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Point Park University's Student-Run Newspaper

Point Park Globe

Point Park University's Student-Run Newspaper

Point Park Globe

Dance program drops two places in national rank

Photo by Michelangelo Pellis
Dancers warm up during a class in the GRW. The program dropped two places in the national rank.

The university’s dance program has once again been recognized as one of the top five dance programs nationally. While the program has previously been ranked as high as number three, this year it sits at number five.  

“It’s been an honor every year that we’re in the top five nationally,” said Susan Stowe, the university chair of dance. “It’s nice to be recognized for the hard work that we do here and the talent of the students and faculty.”  

The ranking is based not only on each program’s facilities and curriculum, but also on the caliber of the students, the faculty and the choreographers that are brought in, according to danceus.org, who is responsible for the rankings.  

“It’s a great recruitment tool,” Stowe said. “Prospective students tend to gravitate to really great schools, so when we say we’re ranked nationally in the top three to five college dance programs they want to check us out.”  

When Point Park first opened, it was a women’s business college. Eventually, it grew into a four-year college and then achieved university status. Nicolas Petrov started both the Pittsburgh Ballet Theater (PBT) and Point Park’s dance program at the same time.  

Both programs grew, and PBT moved into its own building. Stowe said that the university’s dance program still maintains a relationship with PBT.

Enrollment in the university’s dance program has remained consistent for the past five years, according to Stowe. Stowe said that while the COVID-19 pandemic affected enrollment nationally, the program is back strong.  

Stowe said that she is not concerned that the program’s ranking has slightly decreased.  

The number of prospective students auditioning fluctuates each year, but traditionally the dance department will audition approximately 1,000 students for approximately 90 spaces for all three concentrations: ballet, modern and jazz, according to the dance program website.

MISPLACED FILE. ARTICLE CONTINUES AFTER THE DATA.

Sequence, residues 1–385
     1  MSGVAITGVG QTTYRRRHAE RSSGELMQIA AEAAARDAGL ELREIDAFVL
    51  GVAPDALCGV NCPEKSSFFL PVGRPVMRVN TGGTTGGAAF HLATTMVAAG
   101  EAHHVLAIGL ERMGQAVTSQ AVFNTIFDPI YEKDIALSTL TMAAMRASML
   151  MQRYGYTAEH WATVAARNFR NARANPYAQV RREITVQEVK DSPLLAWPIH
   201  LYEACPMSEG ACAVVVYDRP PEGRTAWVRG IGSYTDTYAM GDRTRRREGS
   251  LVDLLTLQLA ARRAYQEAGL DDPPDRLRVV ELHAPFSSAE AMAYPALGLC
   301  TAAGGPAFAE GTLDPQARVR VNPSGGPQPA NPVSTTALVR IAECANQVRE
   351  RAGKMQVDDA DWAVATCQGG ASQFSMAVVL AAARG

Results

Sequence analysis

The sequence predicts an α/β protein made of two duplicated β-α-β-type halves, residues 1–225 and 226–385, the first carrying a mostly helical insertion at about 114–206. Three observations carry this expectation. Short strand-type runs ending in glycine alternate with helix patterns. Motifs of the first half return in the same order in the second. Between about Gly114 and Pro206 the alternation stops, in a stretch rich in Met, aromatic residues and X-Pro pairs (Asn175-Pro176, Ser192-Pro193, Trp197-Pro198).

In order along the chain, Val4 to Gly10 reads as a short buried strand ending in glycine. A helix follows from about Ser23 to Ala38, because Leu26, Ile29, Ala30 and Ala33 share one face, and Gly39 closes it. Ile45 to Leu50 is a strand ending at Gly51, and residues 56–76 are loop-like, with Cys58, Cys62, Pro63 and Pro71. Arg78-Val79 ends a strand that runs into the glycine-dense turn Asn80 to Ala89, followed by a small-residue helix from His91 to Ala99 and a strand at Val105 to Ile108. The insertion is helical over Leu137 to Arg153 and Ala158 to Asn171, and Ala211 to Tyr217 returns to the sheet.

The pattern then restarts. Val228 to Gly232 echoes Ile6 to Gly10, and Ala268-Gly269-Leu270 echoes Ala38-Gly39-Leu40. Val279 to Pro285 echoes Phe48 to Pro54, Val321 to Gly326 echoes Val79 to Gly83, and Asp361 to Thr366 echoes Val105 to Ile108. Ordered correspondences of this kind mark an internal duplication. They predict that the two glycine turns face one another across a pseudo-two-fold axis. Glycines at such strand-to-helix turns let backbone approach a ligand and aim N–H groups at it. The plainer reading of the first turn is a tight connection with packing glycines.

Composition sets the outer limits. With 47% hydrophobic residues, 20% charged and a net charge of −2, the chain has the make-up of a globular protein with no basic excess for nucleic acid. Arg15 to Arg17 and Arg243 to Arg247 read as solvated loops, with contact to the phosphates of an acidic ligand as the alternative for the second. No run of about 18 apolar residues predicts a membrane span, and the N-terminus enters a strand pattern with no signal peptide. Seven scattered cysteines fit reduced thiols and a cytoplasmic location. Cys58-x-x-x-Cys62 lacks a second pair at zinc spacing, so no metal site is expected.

Currently there are 98 freshmen, 72 sophomores, 91 juniors and 60 seniors enrolled in the program. However, according to Stowe, it’s not just about being a large number; it’s about talent, which Point Park has a lot of.  

“I would happily go into a competition with any other dance program in the country and I feel we would prevail,” Stowe said. “If you just look at the sheer quality of the dancing, the quality of the choreography and the variety of styles that we can do here. I think any other school would have a hard time matching or exceeding our program. I say that with a lot of confidence.”

In a TribLive article, University President Chris Brussalis was quoted saying that the university is aiming to leverage the Conservatory of Performing Arts to attract prospective students to the university’s five other schools.  

“[Dance] is our sweet spot; that’s what we do,” Brussalis said in the article.  

There are new opportunities like a minor in theatrical engineering that is new as of last fall. There is also a new Master of Education degree (MEd) in dance to give dance students the ability to one day teach dance in elementary, middle and high schools, a program created in partnership with the School of Education.   

“Students today, and their parents, want to follow their passions and be prepared for what happens down the road when they’re not dancing.” Stowe said. “[The MED program] gives them a foray into the educational side of the house when they’re no longer performing artists. It will give the smart and studious dancer who wants more than to just dance a whole new career path.”